L’Isle Jourdain to Lac de Payolle was meant to ease the riders into the upcoming Pyrenees stages but it was anything but as the riders endured a hard day in the saddle as Steve Cummings soloed to victory after a superb breakaway.
The seventh stage was to be a teaser for 8 and 9 but it turned out to be one of the most exciting stages of the Tour de France so far, as Vincenzo Nibali (Astana) looked to claw some time back. And we also saw the Maillot Jaune in the breakaway which unusual for the race leader.
There was also drama at the flame rouge, as it deflated and came down on the chasing pack causing the organisers to give all the riders the time from that point, but for Orica-BikeExchange’ Adam Yates he suffered cuts to his faces because of the deflated flame rouge.
Stage 7 recap
For Cummings it was a sweet victory as he got over his Olympic snub with the perfect response by winning a tough stage in the most famous of races.
It was a superbly executed move which saw him ride the last 15km or so, on his own; but in truth Cummings has a knack for picking the right time to go, and yesterday he left Nibali, Daryl Impey (Orica-BikeExchange), and Daniel Navarro (Cofidis) on the Col du Aspin, and then all that was left was a descent down into Payolle which he negotiated well, which gave his team Dimension Data their fourth win from 7 stages, a remarkable feat.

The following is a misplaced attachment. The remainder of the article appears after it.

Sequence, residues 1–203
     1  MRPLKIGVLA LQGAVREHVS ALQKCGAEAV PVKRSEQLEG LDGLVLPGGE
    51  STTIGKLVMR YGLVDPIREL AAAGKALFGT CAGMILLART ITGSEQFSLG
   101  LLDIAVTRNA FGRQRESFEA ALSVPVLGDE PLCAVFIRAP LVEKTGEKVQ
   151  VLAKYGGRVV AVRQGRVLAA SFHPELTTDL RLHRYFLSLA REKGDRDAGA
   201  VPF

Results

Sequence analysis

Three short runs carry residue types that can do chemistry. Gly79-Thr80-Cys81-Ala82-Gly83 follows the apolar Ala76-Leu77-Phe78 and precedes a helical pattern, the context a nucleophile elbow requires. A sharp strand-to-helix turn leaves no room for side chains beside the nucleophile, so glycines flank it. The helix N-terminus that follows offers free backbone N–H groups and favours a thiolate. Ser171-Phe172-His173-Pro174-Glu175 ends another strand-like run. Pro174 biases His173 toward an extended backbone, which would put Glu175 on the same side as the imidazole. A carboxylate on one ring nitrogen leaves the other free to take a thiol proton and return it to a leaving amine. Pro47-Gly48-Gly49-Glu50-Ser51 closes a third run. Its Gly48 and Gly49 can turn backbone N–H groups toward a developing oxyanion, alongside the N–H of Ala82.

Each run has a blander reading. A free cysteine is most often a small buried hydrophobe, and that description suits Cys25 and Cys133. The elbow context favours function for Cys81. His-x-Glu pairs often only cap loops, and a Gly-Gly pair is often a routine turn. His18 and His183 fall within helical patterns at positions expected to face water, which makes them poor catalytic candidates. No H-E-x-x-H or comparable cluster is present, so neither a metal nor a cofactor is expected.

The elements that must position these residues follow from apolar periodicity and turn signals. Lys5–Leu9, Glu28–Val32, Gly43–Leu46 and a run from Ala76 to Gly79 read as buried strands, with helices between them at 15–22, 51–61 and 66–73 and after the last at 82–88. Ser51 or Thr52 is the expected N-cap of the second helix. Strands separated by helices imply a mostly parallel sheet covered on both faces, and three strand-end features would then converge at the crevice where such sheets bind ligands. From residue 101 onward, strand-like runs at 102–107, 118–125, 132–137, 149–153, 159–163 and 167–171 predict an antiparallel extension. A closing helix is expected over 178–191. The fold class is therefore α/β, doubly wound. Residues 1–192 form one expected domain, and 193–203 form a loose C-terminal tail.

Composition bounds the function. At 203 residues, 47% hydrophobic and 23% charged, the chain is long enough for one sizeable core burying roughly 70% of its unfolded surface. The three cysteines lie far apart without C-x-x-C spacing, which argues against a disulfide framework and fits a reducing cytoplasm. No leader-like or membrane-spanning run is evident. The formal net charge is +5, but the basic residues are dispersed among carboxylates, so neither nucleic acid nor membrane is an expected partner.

None of the GC contenders lost any time; Chris Froome, Nairo Quintana, and Fabio Aru all got home safely. But for France’s brightest hope, it was a bad day at the office as Thibaut Pinot crack on one of the climbs.
Stage 8 is one of the climbers
It’s going to be another tough day in the saddle for the riders; and with plenty of climbs to keep the riders occupied we will certainly see a weaning out process of the riders who are struggling after tough week of racing.
After a week of barely seeing the GC guys; this should be the day where attacks will go off, hopefully left, right, and centre – the likes of Quintana, Froome, and Aru would most probably been saving their legs for the first real mountain test.
And this stage will most definitely be a test; there are four categorised climbs, the Col du Tourmalet (19km, 7.4%) will kick things off, then the Hourqette d’Ancizan (8.2km, 4.9%), Col de Val Louron-Azet (10.7km, 6.8%), and the Col de Peyresourde (7.1km, 7.8%) will follow as the spectators will finally see some high mountain climbing.
It won’t be a day for the sprinters, but there is a sprint at Ezquieze-Sere; but in terms of who could win the stage it could be a day for fan favourite Thomas Voeckler who has won twice at Luchon already, so a hat-trick could be in the offing, if the Frenchman’s legs allow him.